(MAINS FOCUS)


NATIONAL

TOPIC: General Studies 2

  • Development processes- the role of NGOs, SHGs, various groups and associations institutional and other stakeholders
  • Welfare schemes for vulnerable sections of the population by the Centre and States and the performance of these schemes;
  • Mechanisms, laws, institutions and Bodies constituted for the protection and betterment of these vulnerable sections.

Speeding up the adoption process: On the Juvenile Justice Amendment Bill of 2018

Introduction

In India, adoption procedure between child and the family is done by courts. But courts in India are under the burden of heavy work load. To bring about an alternative procedure parliament is considering amendment bill to juvenile Justice Act, 2015.

The Juvenile Justice Act of 2015:

  • The Juvenile Justice Act of 2015 introduces comprehensive provisions for children in conflict with the law and children in need of care and protection.
  • It was enacted keeping in view the standards prescribed in the Convention on the Rights of the Child, the United Nations Millennium Rules for the Administration of Juvenile Justice, 1985 (the Beijing Rules), the United Nations Rules for the Protection of Juveniles Deprived of their Liberty (1990), the Hague Convention on Protection of Children and Co-operation in respect of Inter-country Adoption (1993) and other related international instruments.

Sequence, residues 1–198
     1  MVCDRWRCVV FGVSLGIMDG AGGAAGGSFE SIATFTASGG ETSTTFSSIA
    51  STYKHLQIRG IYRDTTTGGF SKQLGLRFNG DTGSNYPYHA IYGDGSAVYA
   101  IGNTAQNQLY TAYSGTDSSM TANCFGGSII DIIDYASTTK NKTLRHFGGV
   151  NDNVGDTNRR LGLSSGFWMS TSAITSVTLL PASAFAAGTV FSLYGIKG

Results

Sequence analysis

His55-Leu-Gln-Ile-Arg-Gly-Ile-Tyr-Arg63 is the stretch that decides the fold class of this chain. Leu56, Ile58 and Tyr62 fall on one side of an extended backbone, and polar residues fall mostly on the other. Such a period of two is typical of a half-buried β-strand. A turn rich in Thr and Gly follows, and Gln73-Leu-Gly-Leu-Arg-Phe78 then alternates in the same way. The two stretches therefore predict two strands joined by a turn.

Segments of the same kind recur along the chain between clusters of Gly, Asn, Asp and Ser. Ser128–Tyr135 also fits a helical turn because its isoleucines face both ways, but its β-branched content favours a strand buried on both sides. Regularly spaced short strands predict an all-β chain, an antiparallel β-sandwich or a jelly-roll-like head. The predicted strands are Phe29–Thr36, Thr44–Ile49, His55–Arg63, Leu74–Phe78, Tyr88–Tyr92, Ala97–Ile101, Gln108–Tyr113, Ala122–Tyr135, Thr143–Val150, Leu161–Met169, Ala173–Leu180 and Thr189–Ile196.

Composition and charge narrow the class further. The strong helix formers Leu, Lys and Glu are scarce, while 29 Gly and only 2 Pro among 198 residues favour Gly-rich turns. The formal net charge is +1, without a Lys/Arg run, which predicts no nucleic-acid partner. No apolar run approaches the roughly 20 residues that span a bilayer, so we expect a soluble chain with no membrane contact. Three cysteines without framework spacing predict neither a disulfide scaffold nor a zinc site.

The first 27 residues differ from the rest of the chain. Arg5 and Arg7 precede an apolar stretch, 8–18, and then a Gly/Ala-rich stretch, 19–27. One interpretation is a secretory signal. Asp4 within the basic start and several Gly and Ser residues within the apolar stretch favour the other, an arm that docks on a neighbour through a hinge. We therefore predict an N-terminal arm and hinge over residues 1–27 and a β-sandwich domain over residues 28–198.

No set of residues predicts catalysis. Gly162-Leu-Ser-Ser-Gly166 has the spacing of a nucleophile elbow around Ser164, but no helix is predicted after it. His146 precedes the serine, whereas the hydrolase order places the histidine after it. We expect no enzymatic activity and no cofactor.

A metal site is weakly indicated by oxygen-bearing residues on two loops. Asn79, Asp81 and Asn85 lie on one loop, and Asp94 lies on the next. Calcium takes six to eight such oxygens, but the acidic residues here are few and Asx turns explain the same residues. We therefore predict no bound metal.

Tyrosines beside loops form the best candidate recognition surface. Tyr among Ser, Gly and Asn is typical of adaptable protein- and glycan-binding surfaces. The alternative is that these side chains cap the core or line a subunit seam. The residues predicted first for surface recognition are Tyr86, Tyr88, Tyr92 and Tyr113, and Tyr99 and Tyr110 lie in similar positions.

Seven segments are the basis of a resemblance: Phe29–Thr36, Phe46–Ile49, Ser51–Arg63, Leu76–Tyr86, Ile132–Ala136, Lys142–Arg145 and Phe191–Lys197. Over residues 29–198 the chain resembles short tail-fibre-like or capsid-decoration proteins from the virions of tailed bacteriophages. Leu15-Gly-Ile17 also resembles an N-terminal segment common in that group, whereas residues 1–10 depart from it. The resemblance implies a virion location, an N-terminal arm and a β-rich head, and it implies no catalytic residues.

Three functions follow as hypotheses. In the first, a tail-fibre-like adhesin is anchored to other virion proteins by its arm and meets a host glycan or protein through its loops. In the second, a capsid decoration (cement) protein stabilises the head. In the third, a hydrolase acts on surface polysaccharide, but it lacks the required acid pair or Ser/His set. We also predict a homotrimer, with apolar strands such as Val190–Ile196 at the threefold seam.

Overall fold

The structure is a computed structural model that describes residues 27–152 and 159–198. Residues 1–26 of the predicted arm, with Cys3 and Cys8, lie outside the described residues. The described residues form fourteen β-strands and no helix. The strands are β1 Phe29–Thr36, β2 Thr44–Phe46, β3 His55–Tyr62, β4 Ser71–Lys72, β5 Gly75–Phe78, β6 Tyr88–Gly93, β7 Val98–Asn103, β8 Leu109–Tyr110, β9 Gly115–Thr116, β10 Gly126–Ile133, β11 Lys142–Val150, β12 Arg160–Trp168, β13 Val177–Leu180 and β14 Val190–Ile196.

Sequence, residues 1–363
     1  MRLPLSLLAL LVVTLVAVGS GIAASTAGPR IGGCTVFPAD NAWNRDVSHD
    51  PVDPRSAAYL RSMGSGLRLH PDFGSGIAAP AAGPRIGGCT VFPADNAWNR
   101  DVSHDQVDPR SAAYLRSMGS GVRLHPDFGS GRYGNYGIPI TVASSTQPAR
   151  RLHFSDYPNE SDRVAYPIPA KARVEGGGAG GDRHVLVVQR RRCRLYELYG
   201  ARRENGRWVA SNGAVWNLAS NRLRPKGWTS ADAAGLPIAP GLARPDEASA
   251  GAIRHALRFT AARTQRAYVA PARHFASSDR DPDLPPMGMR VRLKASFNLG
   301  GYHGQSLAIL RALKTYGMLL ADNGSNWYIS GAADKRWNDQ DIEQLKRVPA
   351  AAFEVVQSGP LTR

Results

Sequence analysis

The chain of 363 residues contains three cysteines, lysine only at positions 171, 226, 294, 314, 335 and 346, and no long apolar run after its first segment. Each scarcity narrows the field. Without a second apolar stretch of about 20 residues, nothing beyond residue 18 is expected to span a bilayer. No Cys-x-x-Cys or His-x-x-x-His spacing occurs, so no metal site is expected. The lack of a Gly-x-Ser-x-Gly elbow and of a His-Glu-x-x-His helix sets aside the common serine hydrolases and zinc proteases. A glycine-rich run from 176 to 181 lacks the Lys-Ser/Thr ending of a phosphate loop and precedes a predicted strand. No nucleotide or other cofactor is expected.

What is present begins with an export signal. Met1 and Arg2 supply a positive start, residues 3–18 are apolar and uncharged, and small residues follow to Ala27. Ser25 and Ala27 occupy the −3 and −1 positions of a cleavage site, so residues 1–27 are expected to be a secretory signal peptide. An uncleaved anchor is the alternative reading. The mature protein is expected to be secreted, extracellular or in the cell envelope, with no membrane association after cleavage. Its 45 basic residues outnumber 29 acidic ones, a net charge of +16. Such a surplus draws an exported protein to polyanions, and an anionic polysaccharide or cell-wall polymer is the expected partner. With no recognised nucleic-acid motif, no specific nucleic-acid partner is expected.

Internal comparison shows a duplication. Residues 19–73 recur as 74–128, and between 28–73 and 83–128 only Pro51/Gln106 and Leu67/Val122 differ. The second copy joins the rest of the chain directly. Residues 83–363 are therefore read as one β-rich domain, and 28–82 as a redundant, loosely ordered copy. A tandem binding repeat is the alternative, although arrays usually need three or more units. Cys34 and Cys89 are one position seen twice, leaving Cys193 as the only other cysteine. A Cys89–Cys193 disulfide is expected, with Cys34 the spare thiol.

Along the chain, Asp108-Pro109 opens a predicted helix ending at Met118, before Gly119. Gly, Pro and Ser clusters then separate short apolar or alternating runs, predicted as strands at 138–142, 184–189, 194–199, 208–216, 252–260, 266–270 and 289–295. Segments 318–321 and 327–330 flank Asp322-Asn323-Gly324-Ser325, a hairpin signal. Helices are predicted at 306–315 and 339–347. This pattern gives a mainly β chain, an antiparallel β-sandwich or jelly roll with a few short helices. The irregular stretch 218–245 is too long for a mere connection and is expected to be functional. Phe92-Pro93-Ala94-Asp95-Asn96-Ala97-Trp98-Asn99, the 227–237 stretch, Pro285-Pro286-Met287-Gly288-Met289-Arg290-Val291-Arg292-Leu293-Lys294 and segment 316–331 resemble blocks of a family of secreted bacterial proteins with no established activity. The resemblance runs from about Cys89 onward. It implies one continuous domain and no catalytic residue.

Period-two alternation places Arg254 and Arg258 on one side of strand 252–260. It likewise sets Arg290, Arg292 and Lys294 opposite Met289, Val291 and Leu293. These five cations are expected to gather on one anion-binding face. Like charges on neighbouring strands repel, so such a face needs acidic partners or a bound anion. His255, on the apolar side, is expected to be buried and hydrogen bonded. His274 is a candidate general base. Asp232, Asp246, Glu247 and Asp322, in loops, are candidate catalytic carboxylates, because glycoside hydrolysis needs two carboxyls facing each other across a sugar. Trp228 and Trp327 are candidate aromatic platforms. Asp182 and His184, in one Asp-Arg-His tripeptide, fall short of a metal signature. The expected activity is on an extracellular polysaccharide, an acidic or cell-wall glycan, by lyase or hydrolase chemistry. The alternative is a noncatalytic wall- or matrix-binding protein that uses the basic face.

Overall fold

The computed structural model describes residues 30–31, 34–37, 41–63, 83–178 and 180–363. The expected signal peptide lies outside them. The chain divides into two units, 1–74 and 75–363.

• Chapter 8 of this Act deals with adoption. Subsection (1) of Section 56 of the Act says “adoption shall be resorted to for ensuring right to family for the orphaned, abandoned and surrendered children.”
  • Section 63 of the Act states that the adoption is final on the issuance of the adoption order by the court
  • Subsection (2) of Section 61 of the Act provides that “the adoption proceedings shall be held in camera and the case shall be disposed of by the court within a period of two months from the date of filing the adoption.”

Need for Amendment to the Act:

  • Early this January, the Supreme Court observed that the “future of the country depends on our children”.
  • An affidavit filed by the National Commission for Protection of Child Rights shows that of 203 special adoption agencies audited, merely eight deserved positive reviews.
  • It has been observed that there is an inordinate delay in issuing adoption orders by the courts due to the heavy workload.
  • As of July 20, 2018, there are 629 cases for adoption pending in various courts across the country.
  • Due to delay in the issuing of adoption orders by the courts, children continue to stay in childcare institutions, even after getting a family.

Proposed Amendment:

  • The Juvenile Justice (Care and Protection of Children) Amendment Bill of 2018 seeks to remedy the situation.
  • In the best interest of the child, it proposes to amend the Juvenile Justice Act to empower the District Magistrate, instead of the court, to issue adoption orders.
  • This would ensure timely processing of adoption cases and provide orphaned, abandoned and surrendered children with familial care and protection.

Do you know?

Central Adoption Resource Authority (CARA)

  • Central Adoption Resource Authority (CARA) is a statutory body of Ministry of Women & Child Development, Government of India.
  • It functions as the nodal body for adoption of Indian children and is mandated to monitor and regulate in-country and inter-country adoptions.